US STOCKS OUTLOOK:
- S&P 500, Dow, and Nasdaq 100 slump Wednesday as stocks sell off across the board
- Market sentiment sours after Target’s quarterly earnings miss estimates due to rising cost pressures
- Investors fear that rising inflation will start to eat into Corporate America profit margins more aggressively in coming quarters
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If there was any expectation that investor morale would improve and selling would abate, all hopes died Wednesday after U.S. equities plunged into freefall and erased all gains since last Friday, underscoring a famous adage that stocks often take the stairs up and the elevator down during a bear market.
At the closing bell, the S&P 500 dived 4.04% to 3,923 amid broad-based weakness on Wall Street due to falling confidence in the economic outlook. The Dow Jones, for its part, sank 3.57 % to 31,490, ending a three-day winning streak. Last but not least, the Nasdaq 100 bore the brunt of the sell-off, cratering 5.06% to 11,928, weighed down by a brutal rout in the technology space, with Apple (AAPL), Microsoft (MSFT), Amazon (AMZN), and Tesla (TSLA) dropping 5.64%, 4.77%, 7.16% and 6.80%, respectively on the day.
Sentiment took a turn for the worse after Target (TGT), one of the nation’s largest retailers, released extremely disappointing financial results and issued a profit warning on account of higher costs for freight, transportation, and compensation. TGT reported adjusted earnings per share of $2.19 for the first quarter versus $3.06 expected, and proceeded to lower its 2022 full-year operating income to around 6% from 8% previously, sending its shares plunging about 25%.
While Target offered positive comments on the health of the U.S. consumer, investors still panicked, fearing that red-hot inflation will eventually catch up with Corporate America and begin to eat into their profit margins rapidly in the coming quarters. Faced with this dilemma, businesses that can’t absorb rising costs could begin to pass them on to the consumer through higher prices, reinforcing inflationary forces in the economy and the need to tighten monetary policy more aggressively to cool excess demand.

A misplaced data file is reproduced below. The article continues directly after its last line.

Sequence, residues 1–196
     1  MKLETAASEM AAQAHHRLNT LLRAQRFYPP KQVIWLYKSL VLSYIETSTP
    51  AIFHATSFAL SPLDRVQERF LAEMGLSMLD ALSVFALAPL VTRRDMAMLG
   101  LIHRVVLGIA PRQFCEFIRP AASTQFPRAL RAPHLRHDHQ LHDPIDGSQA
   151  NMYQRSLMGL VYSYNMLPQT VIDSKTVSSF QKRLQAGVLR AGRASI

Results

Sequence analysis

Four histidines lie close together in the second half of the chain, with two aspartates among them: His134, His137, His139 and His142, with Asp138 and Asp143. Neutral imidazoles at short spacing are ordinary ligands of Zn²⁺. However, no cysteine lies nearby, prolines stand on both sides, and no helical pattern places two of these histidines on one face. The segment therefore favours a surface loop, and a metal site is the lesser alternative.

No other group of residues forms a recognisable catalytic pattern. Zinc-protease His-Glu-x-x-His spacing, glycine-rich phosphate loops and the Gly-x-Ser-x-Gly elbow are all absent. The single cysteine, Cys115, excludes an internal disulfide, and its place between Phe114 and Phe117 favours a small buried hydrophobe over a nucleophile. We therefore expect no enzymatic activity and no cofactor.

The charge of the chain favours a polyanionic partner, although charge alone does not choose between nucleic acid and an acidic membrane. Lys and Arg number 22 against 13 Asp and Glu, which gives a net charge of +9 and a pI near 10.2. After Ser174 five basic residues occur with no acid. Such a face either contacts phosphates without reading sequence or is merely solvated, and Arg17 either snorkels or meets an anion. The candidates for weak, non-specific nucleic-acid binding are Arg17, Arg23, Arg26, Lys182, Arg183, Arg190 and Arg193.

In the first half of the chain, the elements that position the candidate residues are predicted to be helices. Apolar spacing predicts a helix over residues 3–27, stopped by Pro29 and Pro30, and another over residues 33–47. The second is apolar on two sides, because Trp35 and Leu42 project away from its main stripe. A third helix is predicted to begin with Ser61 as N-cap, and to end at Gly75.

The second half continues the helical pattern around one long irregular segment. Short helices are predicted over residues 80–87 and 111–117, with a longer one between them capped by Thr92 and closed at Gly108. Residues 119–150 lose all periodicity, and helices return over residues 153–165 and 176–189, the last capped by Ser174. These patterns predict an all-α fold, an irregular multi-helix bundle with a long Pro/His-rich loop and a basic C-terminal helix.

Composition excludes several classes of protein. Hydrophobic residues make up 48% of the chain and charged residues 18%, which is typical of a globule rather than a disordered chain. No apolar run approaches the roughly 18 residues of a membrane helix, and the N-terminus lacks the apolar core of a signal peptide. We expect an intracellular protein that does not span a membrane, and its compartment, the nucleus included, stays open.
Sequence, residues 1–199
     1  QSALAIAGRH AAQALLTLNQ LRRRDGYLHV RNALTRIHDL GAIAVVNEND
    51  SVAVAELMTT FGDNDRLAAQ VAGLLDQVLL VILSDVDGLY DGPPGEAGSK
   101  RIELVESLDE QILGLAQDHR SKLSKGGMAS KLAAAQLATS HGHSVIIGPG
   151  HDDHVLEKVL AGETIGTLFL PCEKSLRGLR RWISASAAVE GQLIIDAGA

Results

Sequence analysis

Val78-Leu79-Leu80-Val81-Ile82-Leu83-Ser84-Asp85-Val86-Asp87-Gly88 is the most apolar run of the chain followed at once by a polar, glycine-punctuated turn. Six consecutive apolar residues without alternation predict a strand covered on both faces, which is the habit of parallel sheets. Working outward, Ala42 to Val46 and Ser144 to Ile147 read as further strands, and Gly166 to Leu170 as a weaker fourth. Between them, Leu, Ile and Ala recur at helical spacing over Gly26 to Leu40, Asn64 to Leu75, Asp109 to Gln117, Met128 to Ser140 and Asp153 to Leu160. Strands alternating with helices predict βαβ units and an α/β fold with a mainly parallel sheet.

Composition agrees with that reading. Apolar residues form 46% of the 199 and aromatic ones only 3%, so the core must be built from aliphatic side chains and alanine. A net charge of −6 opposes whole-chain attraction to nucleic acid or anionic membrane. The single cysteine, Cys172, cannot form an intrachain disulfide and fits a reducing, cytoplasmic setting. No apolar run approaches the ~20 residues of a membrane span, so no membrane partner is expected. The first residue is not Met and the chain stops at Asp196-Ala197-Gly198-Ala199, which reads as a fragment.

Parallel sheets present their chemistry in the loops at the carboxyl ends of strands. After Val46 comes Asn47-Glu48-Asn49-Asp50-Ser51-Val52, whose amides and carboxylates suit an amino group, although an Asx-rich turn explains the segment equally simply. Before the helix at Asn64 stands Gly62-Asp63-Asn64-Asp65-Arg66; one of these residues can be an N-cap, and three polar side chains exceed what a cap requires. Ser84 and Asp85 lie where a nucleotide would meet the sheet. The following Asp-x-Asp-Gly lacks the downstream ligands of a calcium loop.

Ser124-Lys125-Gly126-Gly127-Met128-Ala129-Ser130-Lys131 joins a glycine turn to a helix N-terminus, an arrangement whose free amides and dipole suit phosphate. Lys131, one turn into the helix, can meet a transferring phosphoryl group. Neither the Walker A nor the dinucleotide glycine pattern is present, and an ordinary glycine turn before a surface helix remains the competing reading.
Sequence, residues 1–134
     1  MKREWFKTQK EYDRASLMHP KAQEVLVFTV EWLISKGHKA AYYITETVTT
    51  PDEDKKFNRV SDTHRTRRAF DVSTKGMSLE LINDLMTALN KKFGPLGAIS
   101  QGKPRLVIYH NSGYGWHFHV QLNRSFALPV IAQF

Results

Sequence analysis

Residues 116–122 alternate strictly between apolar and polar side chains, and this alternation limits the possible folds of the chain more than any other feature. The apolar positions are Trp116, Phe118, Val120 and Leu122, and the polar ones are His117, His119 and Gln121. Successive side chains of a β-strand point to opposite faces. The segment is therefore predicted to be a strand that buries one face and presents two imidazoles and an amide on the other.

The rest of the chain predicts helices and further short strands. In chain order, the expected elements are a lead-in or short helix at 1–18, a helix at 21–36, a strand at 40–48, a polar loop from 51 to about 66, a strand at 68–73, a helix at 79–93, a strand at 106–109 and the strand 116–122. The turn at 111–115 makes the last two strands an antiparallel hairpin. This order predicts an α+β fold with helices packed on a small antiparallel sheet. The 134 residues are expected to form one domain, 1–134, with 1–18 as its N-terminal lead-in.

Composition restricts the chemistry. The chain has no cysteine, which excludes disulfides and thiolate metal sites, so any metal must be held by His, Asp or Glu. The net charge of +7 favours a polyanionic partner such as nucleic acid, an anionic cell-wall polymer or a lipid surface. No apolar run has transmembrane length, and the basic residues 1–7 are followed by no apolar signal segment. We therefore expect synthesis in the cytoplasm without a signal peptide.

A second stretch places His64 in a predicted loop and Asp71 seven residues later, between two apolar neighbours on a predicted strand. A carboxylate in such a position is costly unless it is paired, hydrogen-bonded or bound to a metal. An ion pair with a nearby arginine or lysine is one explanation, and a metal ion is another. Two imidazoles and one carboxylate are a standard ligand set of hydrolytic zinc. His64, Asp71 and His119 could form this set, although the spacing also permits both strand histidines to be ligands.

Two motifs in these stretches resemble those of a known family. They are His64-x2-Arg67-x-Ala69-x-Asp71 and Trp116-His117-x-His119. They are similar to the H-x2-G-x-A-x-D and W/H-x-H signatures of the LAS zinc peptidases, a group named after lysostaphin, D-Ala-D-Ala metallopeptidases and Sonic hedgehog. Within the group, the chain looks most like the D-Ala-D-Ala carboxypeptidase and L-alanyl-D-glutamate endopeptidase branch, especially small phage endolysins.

In any case, in light of recent developments, equity analysts may begin to downgrade earnings forecasts, creating further headwinds for risk assets and complicating their recovery. Although the S&P 500 is most exposed to the technology space, the problems plaguing large retailers are also present in other sectors, so there is no room for much optimism at this time. Looking ahead, the S&P 500 is likely to remain biased to the downside, undermined by growing fears that the U.S. economy is headed for a hard landing as the Federal Reserve presses ahead with hawkish measures to restore price stability.
From a technical analysis standpoint, the S&P 500 has not yet crossed the bear market threshold like the Nasdaq 100 did, but it could do so soon if it falls through the May low around 3,855. A drop below that key support, which would officially put the index down more than 20% from its January high, could further erode sentiment and trigger more panic selling, paving the way for a retest of the 3,725, the March 2021 low.
S&P 500 TECHNICAL CHART
S&P 500 Technical Chart Prepared Using TradingView
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—Written by Diego Colman, Market Strategist for DailyFX